It’s estimated by 2020, there will be more than 40 million drivers ages 65 and older in the United States (III).
If you are over the age of 60 and are unable to access transportation, you may be eligible for transportation assistance.
If you have recognized that you have begun to experience difficulty driving, it may be time to reassess your driving habits. Changes in your health can affect your driving abilities and put you and others on the road at risk.
Roadwise Review is a self-evaluation program, developed by AAA, to help drivers travel safely for longer. The free assessment is available online by clicking here.
If you find that your driving ability has changed, you may want to consider these self-imposed restrictions:
Some driving challenges can be improved through vehicle modification. You can find more information for adapting your vehicle here.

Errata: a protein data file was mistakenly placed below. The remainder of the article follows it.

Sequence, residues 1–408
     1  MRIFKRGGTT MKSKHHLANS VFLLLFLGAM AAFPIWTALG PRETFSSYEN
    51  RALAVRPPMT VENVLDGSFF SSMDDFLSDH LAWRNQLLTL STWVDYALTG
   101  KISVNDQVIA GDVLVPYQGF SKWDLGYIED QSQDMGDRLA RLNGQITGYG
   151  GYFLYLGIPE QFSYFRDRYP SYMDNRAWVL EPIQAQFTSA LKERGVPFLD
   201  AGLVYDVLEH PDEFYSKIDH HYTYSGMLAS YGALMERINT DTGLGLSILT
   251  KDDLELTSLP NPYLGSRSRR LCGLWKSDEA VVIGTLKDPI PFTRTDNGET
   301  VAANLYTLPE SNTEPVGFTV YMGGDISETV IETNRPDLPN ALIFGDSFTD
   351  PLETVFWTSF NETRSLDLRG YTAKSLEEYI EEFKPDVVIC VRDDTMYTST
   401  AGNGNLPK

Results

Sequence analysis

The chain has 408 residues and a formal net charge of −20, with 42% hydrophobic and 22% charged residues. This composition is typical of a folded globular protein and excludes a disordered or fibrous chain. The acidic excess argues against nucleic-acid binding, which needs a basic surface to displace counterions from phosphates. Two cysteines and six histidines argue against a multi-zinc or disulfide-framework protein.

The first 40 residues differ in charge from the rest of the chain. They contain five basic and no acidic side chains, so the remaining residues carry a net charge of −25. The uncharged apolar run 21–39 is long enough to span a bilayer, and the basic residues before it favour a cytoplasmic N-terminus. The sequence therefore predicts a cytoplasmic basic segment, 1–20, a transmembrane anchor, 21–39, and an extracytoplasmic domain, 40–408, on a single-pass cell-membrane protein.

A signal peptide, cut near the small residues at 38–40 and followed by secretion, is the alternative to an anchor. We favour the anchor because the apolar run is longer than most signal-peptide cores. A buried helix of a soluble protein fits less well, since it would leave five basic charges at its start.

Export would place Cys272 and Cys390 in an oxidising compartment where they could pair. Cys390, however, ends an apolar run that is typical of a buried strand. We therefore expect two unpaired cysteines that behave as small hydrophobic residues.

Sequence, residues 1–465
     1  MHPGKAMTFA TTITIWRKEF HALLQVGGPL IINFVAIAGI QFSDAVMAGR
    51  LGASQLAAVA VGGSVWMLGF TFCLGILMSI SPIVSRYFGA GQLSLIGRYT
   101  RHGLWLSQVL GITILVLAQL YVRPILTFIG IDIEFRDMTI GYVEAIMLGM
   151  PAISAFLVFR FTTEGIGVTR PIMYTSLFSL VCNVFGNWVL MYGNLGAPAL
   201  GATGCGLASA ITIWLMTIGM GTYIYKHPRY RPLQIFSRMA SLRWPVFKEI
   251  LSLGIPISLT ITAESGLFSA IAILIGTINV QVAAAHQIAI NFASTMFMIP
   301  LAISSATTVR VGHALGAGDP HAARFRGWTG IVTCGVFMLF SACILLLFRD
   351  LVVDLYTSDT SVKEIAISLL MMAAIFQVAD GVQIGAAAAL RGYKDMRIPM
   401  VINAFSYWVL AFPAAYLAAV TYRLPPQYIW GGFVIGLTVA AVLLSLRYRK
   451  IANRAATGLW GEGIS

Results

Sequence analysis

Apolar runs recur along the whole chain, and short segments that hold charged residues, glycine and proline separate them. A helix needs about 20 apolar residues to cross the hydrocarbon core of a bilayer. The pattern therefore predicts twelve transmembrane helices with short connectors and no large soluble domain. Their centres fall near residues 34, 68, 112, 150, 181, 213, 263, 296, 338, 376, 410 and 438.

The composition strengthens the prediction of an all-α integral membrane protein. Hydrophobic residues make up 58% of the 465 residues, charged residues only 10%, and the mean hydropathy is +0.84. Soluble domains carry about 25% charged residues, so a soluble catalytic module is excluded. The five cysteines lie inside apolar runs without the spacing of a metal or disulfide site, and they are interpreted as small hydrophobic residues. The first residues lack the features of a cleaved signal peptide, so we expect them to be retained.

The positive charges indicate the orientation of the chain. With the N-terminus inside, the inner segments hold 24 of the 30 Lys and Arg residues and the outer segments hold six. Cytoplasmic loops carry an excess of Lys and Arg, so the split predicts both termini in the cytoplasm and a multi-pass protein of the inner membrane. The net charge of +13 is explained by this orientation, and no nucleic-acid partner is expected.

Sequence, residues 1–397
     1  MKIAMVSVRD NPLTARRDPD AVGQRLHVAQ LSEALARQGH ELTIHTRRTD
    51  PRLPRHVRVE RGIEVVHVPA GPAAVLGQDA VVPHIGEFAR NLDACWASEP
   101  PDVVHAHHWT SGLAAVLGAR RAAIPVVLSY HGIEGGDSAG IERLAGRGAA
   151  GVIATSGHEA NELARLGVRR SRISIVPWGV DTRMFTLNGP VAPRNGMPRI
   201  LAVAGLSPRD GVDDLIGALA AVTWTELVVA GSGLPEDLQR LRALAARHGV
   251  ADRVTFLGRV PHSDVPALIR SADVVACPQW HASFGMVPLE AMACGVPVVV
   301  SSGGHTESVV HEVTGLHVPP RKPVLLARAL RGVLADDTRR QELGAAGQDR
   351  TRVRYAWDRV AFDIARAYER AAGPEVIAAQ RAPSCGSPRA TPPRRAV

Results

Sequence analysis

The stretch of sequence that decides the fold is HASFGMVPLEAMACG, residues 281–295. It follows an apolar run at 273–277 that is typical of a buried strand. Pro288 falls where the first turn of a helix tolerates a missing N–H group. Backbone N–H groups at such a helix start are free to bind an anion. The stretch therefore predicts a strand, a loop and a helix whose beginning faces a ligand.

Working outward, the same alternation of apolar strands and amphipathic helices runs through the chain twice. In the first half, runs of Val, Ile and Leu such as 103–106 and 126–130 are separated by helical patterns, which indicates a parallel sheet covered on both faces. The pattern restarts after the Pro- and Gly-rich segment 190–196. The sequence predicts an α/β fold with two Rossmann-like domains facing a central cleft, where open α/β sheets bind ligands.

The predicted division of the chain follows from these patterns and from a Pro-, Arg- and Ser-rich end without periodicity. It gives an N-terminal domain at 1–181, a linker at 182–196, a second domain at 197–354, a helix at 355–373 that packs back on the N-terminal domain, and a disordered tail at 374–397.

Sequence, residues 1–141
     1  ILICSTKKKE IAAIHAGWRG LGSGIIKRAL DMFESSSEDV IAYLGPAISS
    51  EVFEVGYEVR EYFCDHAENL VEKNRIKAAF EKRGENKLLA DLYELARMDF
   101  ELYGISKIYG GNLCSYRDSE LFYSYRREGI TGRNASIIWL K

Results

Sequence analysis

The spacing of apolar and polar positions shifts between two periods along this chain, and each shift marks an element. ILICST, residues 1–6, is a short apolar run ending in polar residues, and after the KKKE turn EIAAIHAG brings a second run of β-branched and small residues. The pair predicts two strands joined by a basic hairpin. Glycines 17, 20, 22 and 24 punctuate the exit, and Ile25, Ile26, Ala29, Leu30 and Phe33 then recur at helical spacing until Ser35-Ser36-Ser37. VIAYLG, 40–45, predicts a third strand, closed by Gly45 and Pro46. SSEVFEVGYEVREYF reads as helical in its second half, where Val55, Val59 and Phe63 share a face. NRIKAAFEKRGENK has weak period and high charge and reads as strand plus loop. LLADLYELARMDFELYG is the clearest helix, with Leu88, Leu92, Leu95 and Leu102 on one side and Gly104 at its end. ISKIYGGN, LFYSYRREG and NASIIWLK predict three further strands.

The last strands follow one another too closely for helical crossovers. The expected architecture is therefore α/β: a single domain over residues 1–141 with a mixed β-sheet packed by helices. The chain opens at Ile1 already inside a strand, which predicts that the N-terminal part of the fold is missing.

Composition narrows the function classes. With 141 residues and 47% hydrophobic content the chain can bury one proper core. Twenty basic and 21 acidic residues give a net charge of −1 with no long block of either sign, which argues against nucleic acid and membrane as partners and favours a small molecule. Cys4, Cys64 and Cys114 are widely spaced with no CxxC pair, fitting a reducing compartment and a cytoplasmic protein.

Starting a conversation about driving ability is difficult. You may find that a loved one or friend feels that his or her independence and freedom is being threatened. The National Institute on Aging provides guidelines for assessing driving problems. AARP also offers a free online seminar called “We Need to Talk” to help family members and friends discuss driving safety with older drivers.
The North Carolina DMV accepts referrals from family, friends, or concerned citizens who would like a driving medical evaluation performed on someone that has medical impairments that could affect one’s driving safety. Requests must be signed, dated, and submitted in writing by faxing the following information to 919-861-3836: